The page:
Yet, let us not forget ‘la garganta chilena’. Parra had written Lear without punctuation in order to force the actors into thinking about meaning, rather than being guided into meaning. He told the actors to ‘sin on the side of slowness rather than speed’ and one com-mentator said that ‘[t]he delivery in Spanish becomes at times blurred, unclear and I wonder how much that is due to the way Chileans speak Spanish and if we will need to pay atten-tion to that in the future’ (Fassnidge, 1991-1992: 52), recalling, of course, the assertion that ‘la garganta chilena es más bien enemiga de estas precisiones’. One obvious interpretation is that the acting community — those charged with embodying the language — is not ready, not prepared to enunciate, to perform the complex art of speaking the classics. This feeling of a cer-tain lack of foundation is cercer-tainly an element when there no real tradition of performance and one keenly felt by that company. More important, though in this context, is the impact Its reading becomes possible because it has

embedded itself into the new ‘structure of feel-ing’, to follow Raymond Williams phrase. Yet, this process is revealing of the ways in which the traffic of translation operates.

The impulse of Neruda and later Parra (Boyle, 2005) is to locate their translations locally, to create a coherent object that will be understood by their immediate audience in their immediate historical moment. Yet the experience of dramaturgy and of reception is radically different, as Williams highlights, tal-king of Elizabethan languages:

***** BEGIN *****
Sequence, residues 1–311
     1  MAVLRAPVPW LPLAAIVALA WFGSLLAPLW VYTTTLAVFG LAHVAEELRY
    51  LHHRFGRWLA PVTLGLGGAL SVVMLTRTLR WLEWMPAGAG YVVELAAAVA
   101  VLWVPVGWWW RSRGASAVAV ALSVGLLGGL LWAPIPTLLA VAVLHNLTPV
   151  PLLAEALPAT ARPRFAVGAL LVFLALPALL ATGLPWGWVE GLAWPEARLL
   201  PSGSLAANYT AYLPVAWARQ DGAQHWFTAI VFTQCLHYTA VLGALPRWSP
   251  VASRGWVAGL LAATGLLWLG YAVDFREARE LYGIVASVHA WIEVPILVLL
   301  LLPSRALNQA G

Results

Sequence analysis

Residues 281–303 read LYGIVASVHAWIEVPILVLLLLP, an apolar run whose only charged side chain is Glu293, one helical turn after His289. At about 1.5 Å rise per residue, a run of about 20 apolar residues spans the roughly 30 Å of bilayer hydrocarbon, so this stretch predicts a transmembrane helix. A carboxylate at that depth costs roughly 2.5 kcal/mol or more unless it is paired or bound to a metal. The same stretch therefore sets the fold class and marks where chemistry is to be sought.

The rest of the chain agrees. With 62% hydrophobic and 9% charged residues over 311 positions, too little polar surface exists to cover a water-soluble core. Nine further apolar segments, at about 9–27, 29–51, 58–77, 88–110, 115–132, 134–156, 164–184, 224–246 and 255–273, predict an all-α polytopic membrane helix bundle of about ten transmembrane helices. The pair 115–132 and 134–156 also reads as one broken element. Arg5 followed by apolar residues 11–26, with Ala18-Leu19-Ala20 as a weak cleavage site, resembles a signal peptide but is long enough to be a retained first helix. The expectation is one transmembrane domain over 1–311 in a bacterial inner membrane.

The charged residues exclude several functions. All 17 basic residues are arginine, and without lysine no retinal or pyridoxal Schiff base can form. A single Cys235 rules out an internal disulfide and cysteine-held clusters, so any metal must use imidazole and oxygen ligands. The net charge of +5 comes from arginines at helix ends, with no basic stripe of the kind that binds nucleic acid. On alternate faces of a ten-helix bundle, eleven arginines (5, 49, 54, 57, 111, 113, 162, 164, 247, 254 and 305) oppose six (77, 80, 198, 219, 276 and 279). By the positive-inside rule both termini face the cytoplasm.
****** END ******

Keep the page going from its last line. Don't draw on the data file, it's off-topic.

The common language, in fact, contains elements of literary precision and complex-ity. The otherwise startlingly incongruous elements of Elizabethan drama — its lowest naturalism and its highest conventionalism — are given a working unity by this community of expression. Such a community of expression is not today the universally accessible tool but rather the very crown of very craftsmanship (Williams, 1964: 30).

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in the 1970s, the shanty town, the university and professional theatre, international perfor-mances and translation, the challenge of the work remains that is evolves around a certain univocality. Cristián Opazo calls his writing «una cartografía de una ciudad ‘invisible’ aquel espacio imaginado que los desamparados socia-les de nuestra urbe conciben como un ‘refugio afectivo’ donde guarecerse de la cesantía, la violencia y, sobre todo, el desamor» (Opazo, 2008: 104). Opazo locates the work both within and beyond political readings, seeing the plays as representing the attempts to create affective bonds out of destroyed communities. The lan-guage militantly presents this reality on stage, being hard to interpret even for Chileans a few miles from the initial site of enunciation. This is already a move from source to target cultu-ral realities and the intention is for the target audience is to feel maligned: